Forum for Science, Industry and Business

Sponsored by:     3M 
Search our Site:

 

Dinosaur Cannibal Unearthed in Madagascar

03.04.2003


Artistic rendering of the theropod dinosaur Majungatholus atopus feeding from the remins of a conspecific
Credit: Artwork by Demetrios M. Vital

The exotic island of Madagascar, situated off the southeast coast of Africa, was a dangerous place to live 65 million to 70 million years ago. Crocodiles swarmed in the rivers, and a 30-foot-long, meat-eating dinosaur named Majungatholus atopus stalked the plains. Like most carnivorous dinosaurs, Majungatholus had teeth perfectly suited for ripping into flesh. But what was on the menu? Until now, this question has remained a mystery.

In a report published in the April 3 issue of the Journal Nature, Raymond Rogers, a geologist from Macalester College in St. Paul, Minnesota, along with colleagues David Krause of the State University of New York at Stony Brook and Kristina Curry Rogers of the Science Museum of Minnesota, provide an answer. Majungatholus was a cannibal-it regularly dined upon members of its own species. It also fed upon the remains of other dinosaurs, including gigantic long-necked sauropods called titanosaurs.

"This research greatly expands our understanding of how dinosaur species related to each other in the context of their environment, and also serves as a way of increasing public awareness of and appreciation for the earth sciences," said Rich Lane, program director in the National Science Foundation (NSF)’s division of earth sciences, which funded the research.

In their report, Rogers and colleagues document the first clear cut evidence for cannibalism among dinosaurs. The clues come in the form of distinct tooth marks (like those a dog might leave on a bone today) on Majungatholus bones, and they unquestionably point the finger at Majungatholus itself.

According to Rogers, the fossil evidence is compelling and unprecedented. "We have examined literally thousands of dinosaur bones from sites around the world, and we’ve never seen fossil material quite like this."

Fossilized bones from two Majungatholus individuals show indication of intense feeding, with distinctive sets of tooth marks that match the size and spacing of teeth in Majungatholus’ jaws, and smaller grooves that match the sharp serrations on Majungatholus’ blade-like teeth.

Rogers and his colleagues are careful to rule out other potential suspects who lived alongside Majungatholus. "We examined the jaws and teeth of other known meat-eaters in the Malagasy fauna, including a much smaller carnivorous dinosaur called Masiakasaurus knopfleri, and two large crocodiles" stated Rogers, but only Majungatholus possessed the jaws and teeth capable of inflicting the damage the scientists saw.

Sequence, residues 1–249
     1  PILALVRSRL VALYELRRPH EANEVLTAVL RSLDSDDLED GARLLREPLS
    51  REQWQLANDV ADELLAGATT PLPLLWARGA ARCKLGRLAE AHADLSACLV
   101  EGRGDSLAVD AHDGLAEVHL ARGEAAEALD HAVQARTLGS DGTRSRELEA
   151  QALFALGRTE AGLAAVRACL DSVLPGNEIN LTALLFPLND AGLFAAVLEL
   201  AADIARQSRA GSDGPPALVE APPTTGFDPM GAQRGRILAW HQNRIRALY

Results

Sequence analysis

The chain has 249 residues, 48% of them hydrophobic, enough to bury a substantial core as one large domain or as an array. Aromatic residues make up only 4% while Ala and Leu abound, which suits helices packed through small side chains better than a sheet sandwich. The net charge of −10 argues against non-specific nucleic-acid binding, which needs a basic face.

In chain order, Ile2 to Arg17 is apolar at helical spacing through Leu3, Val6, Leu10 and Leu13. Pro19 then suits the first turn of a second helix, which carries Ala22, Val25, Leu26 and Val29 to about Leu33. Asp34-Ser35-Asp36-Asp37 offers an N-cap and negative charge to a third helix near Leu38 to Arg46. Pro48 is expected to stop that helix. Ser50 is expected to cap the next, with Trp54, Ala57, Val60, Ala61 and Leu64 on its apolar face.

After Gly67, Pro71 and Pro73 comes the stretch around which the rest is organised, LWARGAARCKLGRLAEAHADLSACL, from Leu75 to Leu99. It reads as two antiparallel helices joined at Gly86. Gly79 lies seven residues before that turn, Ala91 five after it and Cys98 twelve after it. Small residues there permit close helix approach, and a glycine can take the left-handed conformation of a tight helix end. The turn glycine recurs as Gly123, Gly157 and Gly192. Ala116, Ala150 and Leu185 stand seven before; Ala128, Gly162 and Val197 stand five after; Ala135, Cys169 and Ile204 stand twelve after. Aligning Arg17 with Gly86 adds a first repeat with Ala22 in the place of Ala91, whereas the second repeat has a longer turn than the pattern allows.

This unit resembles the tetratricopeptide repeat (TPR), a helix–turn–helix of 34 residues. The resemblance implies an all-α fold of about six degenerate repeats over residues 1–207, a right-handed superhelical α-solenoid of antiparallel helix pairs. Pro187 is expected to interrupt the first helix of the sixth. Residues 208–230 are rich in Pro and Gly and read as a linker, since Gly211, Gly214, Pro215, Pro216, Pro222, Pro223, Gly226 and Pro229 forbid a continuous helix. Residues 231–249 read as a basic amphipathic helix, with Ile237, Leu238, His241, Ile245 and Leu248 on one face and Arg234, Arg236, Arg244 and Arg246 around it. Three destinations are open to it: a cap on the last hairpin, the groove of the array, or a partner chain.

"Despite the bad press that human cannibals receive, this discovery of cannibalism in a theropod dinosaur should come as no big surprise," said Rogers. Cannibalism as a feeding strategy is very common in the animal kingdom today." Animals ranging from insects to lions regularly consume members of their own species, and they do so for a variety of ecologic and evolutionary reasons, scientists believe.

With regard to dinosaurs, the only other example of a cannibal is the small Triassic theropod Coelophysis bauri, which is said to have the remains of juvenile individuals preserved in its stomach region. However, a recent reappraisal of the evidence suggests that claims of cannibalistic feeding by Coelophysis may be unsubstantiated, said Rogers. Not so in the case of Majungatholus. "We have the smoking gun in the form of diagnostic tooth marks, and we can definitely rule out all of the other carnivores known to have been on the scene," said Rogers. "These tooth-marked bones are a ’snapshot’ of a day in the life-and death-of Majungatholus."

Unfortunately, concluded Rogers, "we don’t know whether Majungatholus killed both of the individuals in our sample, or opportunistically scavenged their remains." However, there is a good indication that Majungatholus lived during hard times.

In the Late Cretaceous Madagascar was characterized by a seasonal and semi-arid climate, much like that of Madagascar today. The ancient environment saw dramatic fluctuations in essential resources such as food and water, which apparently led to mass die-offs among animal populations. According to Rogers, Majungatholus may have scavenged from the carcasses of its own dead in order to deal with dire nutritional needs in times of environmental stress. "It appears as though Majungatholus atopus exploited all available resources during stressful episodes, even if it meant dining on members of its own species."